Here in Greenstone, star gazers will find some of the best opportunities for viewing the Northern Lights in Ontario. Often appearing in displays of green, blue, violet, red, and yellow, the clear dark night skies and wide open spaces of Greenstone make it a prime spot for aurora gazing.
Whether enjoyed from a seat on your own front lawn or camping in the backcountry here, the spectacular display is common throughout Greenstone and most frequently seen at the time of the equinoxes.
- The Aurora Borealis is also called the northern lights because it is only visible in the North sky from the Northern Hemisphere
- The Aurora Borealis is named after the Roman goddess of the dawn, Aurora, and Boreas, the Greek name for north wind.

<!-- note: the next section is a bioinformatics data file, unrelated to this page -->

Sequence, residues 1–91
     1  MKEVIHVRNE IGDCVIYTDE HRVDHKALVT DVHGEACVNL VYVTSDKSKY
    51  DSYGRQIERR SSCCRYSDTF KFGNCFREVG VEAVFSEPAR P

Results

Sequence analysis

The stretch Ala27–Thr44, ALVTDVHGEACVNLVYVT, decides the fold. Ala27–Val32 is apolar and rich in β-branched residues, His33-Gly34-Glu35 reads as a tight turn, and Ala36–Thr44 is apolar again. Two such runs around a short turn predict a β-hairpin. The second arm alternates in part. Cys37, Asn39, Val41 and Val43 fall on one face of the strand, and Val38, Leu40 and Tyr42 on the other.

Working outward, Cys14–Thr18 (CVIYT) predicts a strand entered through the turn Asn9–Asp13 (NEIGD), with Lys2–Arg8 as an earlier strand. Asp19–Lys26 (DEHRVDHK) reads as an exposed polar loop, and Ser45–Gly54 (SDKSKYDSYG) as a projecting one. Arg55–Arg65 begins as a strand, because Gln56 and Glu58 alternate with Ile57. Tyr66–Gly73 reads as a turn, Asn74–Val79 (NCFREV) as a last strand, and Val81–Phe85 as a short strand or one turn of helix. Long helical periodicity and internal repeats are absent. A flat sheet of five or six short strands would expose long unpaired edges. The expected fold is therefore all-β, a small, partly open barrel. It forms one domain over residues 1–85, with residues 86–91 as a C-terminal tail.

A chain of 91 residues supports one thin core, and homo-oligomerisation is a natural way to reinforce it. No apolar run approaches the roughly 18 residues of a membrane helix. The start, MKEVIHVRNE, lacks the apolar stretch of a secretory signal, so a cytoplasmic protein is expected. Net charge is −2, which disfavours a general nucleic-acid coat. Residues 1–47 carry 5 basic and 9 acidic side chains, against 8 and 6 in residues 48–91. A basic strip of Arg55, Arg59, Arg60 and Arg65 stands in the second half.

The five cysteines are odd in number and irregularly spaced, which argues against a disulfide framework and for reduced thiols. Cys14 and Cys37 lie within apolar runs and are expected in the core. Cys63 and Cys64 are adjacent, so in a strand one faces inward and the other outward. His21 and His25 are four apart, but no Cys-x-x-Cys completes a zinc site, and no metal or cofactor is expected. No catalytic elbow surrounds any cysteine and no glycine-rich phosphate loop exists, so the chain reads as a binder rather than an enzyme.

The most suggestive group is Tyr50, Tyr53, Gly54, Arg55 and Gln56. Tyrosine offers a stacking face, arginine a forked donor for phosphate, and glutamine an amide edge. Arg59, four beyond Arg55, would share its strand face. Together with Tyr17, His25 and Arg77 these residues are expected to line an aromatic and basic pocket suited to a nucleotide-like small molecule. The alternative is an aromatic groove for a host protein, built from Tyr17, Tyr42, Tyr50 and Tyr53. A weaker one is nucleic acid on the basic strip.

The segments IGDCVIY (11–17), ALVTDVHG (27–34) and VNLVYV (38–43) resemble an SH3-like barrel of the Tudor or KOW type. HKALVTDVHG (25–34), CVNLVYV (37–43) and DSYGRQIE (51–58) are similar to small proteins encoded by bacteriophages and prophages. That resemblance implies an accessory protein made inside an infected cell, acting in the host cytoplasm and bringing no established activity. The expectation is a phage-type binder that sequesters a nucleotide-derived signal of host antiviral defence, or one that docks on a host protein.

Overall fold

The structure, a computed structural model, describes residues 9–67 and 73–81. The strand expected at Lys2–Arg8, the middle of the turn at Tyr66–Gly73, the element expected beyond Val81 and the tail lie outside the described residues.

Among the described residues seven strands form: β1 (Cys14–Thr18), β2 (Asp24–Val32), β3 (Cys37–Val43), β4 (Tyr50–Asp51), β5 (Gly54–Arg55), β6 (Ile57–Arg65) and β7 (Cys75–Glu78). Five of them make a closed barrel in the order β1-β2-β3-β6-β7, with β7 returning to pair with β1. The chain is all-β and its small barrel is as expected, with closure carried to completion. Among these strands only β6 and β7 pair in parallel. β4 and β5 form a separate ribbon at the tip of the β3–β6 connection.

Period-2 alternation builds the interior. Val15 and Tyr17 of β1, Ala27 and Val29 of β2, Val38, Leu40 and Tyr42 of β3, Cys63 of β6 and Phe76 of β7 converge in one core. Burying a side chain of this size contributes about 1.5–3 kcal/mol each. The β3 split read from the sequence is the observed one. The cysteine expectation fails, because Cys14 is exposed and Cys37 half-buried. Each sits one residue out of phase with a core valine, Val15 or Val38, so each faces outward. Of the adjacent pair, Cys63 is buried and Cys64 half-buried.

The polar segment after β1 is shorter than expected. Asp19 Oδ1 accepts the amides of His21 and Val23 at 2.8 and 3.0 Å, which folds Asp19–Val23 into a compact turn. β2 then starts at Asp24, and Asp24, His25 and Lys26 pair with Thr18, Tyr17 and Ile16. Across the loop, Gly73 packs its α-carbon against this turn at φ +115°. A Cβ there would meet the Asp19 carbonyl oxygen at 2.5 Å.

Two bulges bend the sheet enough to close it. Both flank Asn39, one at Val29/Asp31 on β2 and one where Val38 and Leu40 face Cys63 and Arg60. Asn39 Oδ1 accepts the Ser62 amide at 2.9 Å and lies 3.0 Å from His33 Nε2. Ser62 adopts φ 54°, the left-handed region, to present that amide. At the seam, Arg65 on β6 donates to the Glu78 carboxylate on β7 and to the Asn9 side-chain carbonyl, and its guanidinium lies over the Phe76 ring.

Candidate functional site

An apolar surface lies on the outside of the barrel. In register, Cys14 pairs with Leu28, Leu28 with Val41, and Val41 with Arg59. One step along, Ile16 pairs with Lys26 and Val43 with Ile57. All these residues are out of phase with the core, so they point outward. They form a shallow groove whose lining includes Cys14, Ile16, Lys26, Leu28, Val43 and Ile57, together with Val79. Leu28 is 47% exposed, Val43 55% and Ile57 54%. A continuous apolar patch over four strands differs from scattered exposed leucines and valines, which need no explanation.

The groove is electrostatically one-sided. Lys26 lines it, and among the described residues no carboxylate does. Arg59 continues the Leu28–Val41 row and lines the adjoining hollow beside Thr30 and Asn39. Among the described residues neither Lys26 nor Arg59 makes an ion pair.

- The Aurora Borealis most often occurs from September to October and from March to April.
- The auroras coincide with periods of greatest sunspot activity and with magnetic storms
- The Northern Lights can appear as patches of light, in the form of streamers, arcs, banks, rays, or resembling hanging draperies
- The Northern Lights occur between 35 mi and 600 mi (56 km–970 km) above the earth
- In Inuit folklore, Northern Lights were believed to be the spirits of the dead playing football with a walrus skull over the sky
- The Algonquin believed the lights to be their ancestors dancing around a ceremonial fire
- The Finnish name for Northern Lights is revontulet, fox fires. According to legend, foxes made of fire lived in Lapland, and revontulet were the sparks they whisked up into the atmosphere with their tails.